The 2016 election ushered in a realignment of the political culture from a debate about big vs. small government and social issues to a one between globalism vs. nationalism. Aspects of those old debates remain, but they are now best understood as a clash between globalist elites ideologically committed to free trade, immigration and relaxed social values versus those who believe that stable families and the preservation of a national identity and the American Dream are more important. The attached article from 2016 is thus still relevant, if simply because it explains why approximately 40% of the electorate remains devoted to President Trump in spite of his obvious personal failures.
Politics has become more caustic because neither side fully recognizes this new alignment and the realistic legitimacy of the other side of the spectrum. To avoid this reality, media and governmental elites obsessively recycle the old debates much as the politics of the Gilded Age of the late nineteenth century degenerated into recycling old arguments about alcohol temperance, immigration, and responsibility for the Civil War (Rum, Romanism and Rebellion).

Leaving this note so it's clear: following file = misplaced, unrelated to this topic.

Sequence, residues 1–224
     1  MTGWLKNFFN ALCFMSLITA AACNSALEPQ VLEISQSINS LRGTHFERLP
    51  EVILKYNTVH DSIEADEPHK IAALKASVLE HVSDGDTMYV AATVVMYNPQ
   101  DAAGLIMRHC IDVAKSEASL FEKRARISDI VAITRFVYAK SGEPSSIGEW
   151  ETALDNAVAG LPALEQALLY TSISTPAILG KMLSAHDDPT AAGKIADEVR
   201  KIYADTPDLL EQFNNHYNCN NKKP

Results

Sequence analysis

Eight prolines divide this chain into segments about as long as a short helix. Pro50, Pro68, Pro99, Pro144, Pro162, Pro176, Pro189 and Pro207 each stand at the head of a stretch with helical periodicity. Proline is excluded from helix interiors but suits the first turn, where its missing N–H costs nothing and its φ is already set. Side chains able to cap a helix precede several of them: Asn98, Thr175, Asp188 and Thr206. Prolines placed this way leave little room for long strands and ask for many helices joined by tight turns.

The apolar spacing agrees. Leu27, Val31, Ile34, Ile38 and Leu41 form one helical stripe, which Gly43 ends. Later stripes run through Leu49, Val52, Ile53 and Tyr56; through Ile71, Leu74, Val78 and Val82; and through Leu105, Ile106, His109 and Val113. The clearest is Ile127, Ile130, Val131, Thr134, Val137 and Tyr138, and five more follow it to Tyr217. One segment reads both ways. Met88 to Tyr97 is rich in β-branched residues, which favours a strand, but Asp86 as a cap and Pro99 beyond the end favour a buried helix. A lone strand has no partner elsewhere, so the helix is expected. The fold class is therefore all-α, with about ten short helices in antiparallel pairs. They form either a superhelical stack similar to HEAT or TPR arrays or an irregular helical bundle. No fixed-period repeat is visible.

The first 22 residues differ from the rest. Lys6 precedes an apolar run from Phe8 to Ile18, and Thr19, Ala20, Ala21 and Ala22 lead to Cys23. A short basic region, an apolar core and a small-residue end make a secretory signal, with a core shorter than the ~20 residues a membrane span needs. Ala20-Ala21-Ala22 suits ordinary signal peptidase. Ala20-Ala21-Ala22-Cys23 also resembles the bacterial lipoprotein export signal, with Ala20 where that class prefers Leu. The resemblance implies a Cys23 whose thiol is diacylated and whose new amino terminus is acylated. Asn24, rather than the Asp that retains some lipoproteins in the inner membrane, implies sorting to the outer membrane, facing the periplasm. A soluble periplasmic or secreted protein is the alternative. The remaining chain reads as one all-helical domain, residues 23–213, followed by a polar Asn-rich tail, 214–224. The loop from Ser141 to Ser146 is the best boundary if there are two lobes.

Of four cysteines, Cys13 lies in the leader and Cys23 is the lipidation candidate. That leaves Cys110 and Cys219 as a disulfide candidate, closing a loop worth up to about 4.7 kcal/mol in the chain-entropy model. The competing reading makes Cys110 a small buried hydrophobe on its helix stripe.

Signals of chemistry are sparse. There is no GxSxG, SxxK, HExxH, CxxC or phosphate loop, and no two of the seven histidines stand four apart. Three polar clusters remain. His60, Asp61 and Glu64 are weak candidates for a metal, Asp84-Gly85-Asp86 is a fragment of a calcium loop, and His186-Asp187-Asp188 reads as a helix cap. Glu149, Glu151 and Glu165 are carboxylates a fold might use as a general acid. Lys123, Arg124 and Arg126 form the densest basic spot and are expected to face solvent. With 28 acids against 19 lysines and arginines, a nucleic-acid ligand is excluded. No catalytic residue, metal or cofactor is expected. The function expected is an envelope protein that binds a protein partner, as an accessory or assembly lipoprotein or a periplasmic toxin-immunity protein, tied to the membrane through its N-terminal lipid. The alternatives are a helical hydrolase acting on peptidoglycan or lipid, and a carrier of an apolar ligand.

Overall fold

The rise of the Populist Party in the late 1800’s forced economic inequality, pernicious market power and the resulting crisis in democracy to the front of the debate. Eventually, the confrontational populist approach gave way to the Progressive Era, of which Theodore Roosevelt was a leader.
Donald Trump clearly is not that leader. However, his election will hopefully open the system to a new more constructive approach to the same kinds of issues that exist today. Whether this will require a new political party or an ideological shakeup of the current two parties still remains to be seen.